winnie2 winnie3And now, it is “Could you tell me a story?” And what a great story it is. Told by the great-granddaughter of Captain Harry Colebourn, this is a perfect story to highlight some Canadian history (which, let’s admit, gets left in the background so very often!). Not only is the story itself endearing, Sophie Blackall’s illustrations make it just, well, squeezable. (Like a teddy bear.) The color palette is just right for the tone of the story, and the page layouts are varied, keeping the visual interest as high as the textual interest. There’s plenty of movement to keep the eye busy, but not so much that it overpowers. I appreciate the differing perspectives, the touching moments that never feel too saccharine, and the wrap up with the family album.

And the marching soldiers in silhouette under the paper cover, well that wraps it up nicely for me. Take a look at this book– it works on so many levels. What a beautiful choice to share for Picture Book Month!

So many books!

For my first post in 2013, I have a huge stack of books to share. Here are some really fun books that just went out on our shelves!

Chu’s Daa chu'say by Neil Gaiman

A little panda with a big sneeze is the premise of this fun little book. Play-on-words and quirky illustrations make this one a delight to share at storytime.

Squeak Rumble Whomp Whomp Whomp: Sonic Adventure by Wynton Marsalis

A noisy romp through the sounds around us. Make lots of sounds while reading this music-inspired book. Get the kids to chime in with their own sounds; make some shakers, drums, etc.  and get moving around the room!

I am So Handsome by Mario Ramos

The Big Bad Wolf is so full of himself that he does not even realize that his usual targets are afraid of him. This twist on the old icon is filled with wonderful language and great new vocabulary. Share along with a Red Riding Hood and 3 Pigs story, or pair with Jon Scieszka’s True Story of the Three Little Pigs for a wild wolf romp.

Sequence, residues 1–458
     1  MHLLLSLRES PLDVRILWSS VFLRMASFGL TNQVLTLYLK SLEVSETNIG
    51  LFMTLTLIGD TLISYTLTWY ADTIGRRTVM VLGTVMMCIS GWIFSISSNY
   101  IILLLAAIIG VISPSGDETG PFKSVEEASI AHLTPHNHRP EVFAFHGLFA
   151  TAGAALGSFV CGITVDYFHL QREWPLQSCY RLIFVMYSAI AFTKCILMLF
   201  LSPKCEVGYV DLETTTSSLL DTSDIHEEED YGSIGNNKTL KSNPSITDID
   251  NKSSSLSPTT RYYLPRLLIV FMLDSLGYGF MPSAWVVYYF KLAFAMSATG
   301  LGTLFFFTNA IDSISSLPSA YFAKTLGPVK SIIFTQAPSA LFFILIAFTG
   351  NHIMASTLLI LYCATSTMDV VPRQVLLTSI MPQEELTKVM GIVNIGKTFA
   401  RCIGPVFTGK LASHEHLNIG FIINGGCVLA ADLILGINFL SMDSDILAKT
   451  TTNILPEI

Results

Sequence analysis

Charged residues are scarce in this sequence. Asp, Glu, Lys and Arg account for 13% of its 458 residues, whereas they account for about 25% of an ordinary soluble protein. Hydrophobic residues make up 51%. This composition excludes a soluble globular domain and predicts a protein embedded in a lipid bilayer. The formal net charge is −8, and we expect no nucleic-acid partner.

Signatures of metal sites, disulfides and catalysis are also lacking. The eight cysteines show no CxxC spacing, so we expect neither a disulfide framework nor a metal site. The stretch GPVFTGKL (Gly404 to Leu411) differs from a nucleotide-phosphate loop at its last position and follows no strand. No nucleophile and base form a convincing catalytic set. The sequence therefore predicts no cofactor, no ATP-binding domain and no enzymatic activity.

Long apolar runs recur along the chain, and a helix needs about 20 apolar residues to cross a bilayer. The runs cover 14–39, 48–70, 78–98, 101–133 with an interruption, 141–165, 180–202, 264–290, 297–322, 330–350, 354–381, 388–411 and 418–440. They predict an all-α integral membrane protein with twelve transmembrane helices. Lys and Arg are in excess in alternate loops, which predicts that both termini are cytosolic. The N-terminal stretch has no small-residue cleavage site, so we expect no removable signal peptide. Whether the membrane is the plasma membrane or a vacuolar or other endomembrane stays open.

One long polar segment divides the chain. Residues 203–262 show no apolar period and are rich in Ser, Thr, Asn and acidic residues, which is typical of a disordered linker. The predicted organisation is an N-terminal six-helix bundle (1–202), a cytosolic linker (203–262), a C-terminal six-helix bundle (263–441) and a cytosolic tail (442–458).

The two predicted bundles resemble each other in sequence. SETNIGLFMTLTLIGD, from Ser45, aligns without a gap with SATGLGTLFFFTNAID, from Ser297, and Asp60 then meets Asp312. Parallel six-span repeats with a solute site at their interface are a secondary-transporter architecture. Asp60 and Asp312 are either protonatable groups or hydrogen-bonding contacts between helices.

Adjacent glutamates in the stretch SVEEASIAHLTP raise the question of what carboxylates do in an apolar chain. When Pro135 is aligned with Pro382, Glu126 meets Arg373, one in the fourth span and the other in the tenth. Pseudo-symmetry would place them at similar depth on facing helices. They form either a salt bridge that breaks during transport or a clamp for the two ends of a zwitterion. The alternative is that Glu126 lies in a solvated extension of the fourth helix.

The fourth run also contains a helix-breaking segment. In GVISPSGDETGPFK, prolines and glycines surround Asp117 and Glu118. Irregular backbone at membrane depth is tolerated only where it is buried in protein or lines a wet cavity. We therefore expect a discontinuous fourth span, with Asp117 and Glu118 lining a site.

I’m NOT Sleepy by Jane Chapman

Little owl wants to play, but Grandma insists it is time for bed. She gives him a snack, tucks him in, and still he is wide awake. There’s not much new here in the plot line, but the illustrations are cute and the repeated phrase of “Hop, jump, flutter,  flump” will be fun to say with the kids. Teach them this phrase beforehand and add some TALKing to your early literacy storytime.

Polar Bear Morning by Lauren Thompson

Two little polar bear cubs meet and become friends. Short enough for toddler storytimes, and the illustrations are large and friendly. Good vocabulary builder for little ones. See also Polar Bear Night by same author/illustrator.

All the Awake Animals Are Almost Asleep by Crescent Dragonwagon aa all the awake

Not only do I love this author’s name, I love the alliteration in this book. It is a bedtime alphabet book chock full of letter sounds. Add in the big list of new vocabulary and David McPhail’s quiet illustrations, and you have a perfect addition to your next pajama storytime.  A big dose of early literacy!

 

 

The Reader by Amy Hest

A charming story of a boy, a dog, some snow, and a book. A gentle story to end storytime with.

Beach Feet by Kiyomi Knoagaya

Warm up your winter with a visit to this sunny beach. The illustrations are full of movement and, of course, feet.

Railroad Hank by Lisa Moser

Hank and his train are off to visit Granny Bett who is feeling blue. His misunderstandings send the whole gang up the mountain, along with some chickens, cows, apple trees and a pond. Of course Granny cheers up, and everyone has a grand time. The repeated refrain of “Chugga Chugga Chugga Chugga Woo Woo Woo” will get kids interacting with the story.aa mice